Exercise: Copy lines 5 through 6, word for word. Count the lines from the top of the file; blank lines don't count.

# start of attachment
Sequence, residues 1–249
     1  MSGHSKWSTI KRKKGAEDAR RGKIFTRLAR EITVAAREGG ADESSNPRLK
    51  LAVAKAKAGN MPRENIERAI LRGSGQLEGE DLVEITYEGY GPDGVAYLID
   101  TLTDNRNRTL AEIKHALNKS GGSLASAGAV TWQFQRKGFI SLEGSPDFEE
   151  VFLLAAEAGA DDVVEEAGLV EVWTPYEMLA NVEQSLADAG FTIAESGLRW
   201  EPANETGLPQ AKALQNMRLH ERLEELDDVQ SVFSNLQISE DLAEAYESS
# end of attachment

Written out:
   151  VFLLAAEAGA DDVVEEAGLV EVWTPYEMLA NVEQSLADAG FTIAESGLRW
   201  EPANETGLPQ AKALQNMRLH ERLEELDDVQ SVFSNLQISE DLAEAYESS